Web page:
Evaluation of the effect of syringe surfaces on protein formulations

J Pharm Sci. 2011 Jul;100(7):2563-73. doi: 10.1002/jps.22515. Epub 2011 Feb 11.


Packaging of drugs in prefillable syringes offers considerable advantages over conventional vials. Almost all major biotech molecules are available on the market today in prefilled syringes, and are safe and efficacious. Newer high-concentration liquid formulations, especially fusion proteins, however, can suffer from instability in prefilled syringes due to syringe components like silicone oil. To assess the effect of siliconized and modified syringe surfaces on protein formulations, the stability of the recombinant protective antigen (rPA) for anthrax, abatacept, a fusion protein formulation with known silicone oil sensitivity, and an antistaphylococcal enterotoxin B (anti-SEB) monoclonal antibody (mAb) was assessed in siliconized, uncoated, and BD-42-coated (a proprietary coating developed by BD Technologies) prefilled syringes under different conditions. Both the soluble protein content and the number of subvisible particles were followed over time. When filled in siliconized syringes, all three protein solutions showed increased number of subvisible particles relative to uncoated or BD-42-coated syringes; the abatacept formulation with known silicone sensitivity also developed visible particles. Although rPA and anti-SEB mAb formulations mainly showed individual droplets, presumably of silicone, the abatacept formulation also showed droplets entangled in a fibrous structure. Uncoated glass and BD-42-coated syringes considerably reduced the formation of both visible and subvisible particles after immediate contact and after agitation. The anti-SEB mAb also adhered as a thin layer to the siliconized surface after agitation, irrespective of storage temperature. The development of visible particles could not be correlated with the loss of soluble protein fraction at protein concentrations above 4 mg/mL. It appears that protein formulations interact differently with different surfaces. The BD-42 coating appears to be a promising solution for packaging silicone-sensitive proteins in prefillable syringes and needs to be investigated further. It is demonstrated that BD-42 provides an inert surface with adequate lubrication while limiting the formation of visible and subvisible particles. It is hypothesized that these particles are formed due to the release of silicone droplets in the solution and result in the formation of silicone-induced visible aggregates.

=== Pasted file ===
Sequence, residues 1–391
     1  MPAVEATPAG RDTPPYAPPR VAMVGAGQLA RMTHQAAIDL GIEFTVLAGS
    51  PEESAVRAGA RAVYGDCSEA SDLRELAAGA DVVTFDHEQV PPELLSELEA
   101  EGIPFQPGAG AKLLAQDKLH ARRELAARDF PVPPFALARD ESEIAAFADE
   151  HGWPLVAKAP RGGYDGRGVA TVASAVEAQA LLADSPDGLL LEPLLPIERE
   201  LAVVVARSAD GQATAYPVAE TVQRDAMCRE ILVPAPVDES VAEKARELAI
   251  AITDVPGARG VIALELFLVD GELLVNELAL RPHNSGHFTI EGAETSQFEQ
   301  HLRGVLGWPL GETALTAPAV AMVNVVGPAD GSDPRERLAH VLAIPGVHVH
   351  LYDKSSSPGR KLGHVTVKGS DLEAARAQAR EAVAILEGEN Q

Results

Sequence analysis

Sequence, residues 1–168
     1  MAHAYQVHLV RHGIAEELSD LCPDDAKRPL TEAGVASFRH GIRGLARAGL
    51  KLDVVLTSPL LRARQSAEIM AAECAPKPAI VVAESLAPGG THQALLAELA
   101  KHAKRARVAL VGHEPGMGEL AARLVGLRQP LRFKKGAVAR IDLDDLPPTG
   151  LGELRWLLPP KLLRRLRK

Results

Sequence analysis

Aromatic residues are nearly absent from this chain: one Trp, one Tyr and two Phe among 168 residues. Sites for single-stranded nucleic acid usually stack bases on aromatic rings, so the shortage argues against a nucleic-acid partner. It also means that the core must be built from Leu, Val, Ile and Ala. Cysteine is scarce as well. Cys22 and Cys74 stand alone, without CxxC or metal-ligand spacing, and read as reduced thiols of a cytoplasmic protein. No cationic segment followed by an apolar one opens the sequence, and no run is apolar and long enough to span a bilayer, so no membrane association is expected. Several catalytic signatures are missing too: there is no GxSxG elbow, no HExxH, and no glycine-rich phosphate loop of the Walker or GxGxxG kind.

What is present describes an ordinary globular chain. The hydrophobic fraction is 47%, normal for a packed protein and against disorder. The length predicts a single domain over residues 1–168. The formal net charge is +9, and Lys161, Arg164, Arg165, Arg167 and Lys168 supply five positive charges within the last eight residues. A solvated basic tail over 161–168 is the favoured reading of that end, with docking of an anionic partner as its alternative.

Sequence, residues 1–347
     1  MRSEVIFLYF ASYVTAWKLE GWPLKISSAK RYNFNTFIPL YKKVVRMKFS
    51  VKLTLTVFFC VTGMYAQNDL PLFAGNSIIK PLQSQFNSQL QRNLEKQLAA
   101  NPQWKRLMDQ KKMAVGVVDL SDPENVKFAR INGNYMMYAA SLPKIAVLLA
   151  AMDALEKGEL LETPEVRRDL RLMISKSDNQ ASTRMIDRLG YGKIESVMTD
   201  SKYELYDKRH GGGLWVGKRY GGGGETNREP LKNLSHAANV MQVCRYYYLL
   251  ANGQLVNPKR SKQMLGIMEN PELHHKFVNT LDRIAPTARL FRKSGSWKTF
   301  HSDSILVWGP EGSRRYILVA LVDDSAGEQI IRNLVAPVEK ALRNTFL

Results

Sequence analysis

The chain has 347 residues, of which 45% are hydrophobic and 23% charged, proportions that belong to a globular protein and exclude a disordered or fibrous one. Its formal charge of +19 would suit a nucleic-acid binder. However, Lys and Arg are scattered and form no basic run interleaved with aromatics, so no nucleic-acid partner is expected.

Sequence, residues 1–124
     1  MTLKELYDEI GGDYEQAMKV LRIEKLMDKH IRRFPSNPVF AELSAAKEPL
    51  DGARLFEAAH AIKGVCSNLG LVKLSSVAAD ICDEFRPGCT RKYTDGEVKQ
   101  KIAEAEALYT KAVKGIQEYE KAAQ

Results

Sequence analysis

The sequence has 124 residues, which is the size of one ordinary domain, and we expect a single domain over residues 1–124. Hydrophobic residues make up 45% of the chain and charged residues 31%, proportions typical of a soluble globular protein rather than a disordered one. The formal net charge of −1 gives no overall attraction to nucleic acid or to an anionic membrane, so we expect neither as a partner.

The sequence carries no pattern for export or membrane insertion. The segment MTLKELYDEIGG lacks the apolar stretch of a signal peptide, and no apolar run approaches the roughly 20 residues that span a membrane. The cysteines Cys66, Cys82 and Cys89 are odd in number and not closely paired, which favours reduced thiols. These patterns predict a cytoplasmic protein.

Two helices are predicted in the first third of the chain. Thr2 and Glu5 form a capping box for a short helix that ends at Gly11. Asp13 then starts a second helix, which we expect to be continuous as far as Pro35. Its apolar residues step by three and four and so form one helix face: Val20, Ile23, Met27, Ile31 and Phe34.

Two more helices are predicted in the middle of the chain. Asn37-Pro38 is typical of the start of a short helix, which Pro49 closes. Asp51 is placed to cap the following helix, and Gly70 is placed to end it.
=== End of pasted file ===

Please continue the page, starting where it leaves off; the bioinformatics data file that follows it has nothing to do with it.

Publication types

  • Evaluation Study
  • Research Support, U.S. Gov't, Non-P.H.S.

MeSH terms

  • Abatacept
  • Adhesiveness
  • Anthrax Vaccines / chemistry
  • Antibodies, Monoclonal / administration & dosage
  • Antibodies, Monoclonal / chemistry*
  • Chemistry, Pharmaceutical
  • Drug Delivery Systems / instrumentation*
  • Drug Packaging
  • Drug Stability
  • Drug Storage
  • Enterotoxins / immunology
  • Equipment Design
  • Immunoconjugates / chemistry
  • Protein Denaturation
  • Protein Stability
  • Recombinant Proteins / chemistry
  • Silicone Oils / chemistry*
  • Solubility
  • Surface Properties
  • Syringes*
  • Technology, Pharmaceutical / methods
  • Temperature
  • Time Factors


  • Anthrax Vaccines
  • Antibodies, Monoclonal
  • Enterotoxins
  • Immunoconjugates
  • Recombinant Proteins
  • Silicone Oils
  • enterotoxin B, staphylococcal
  • Abatacept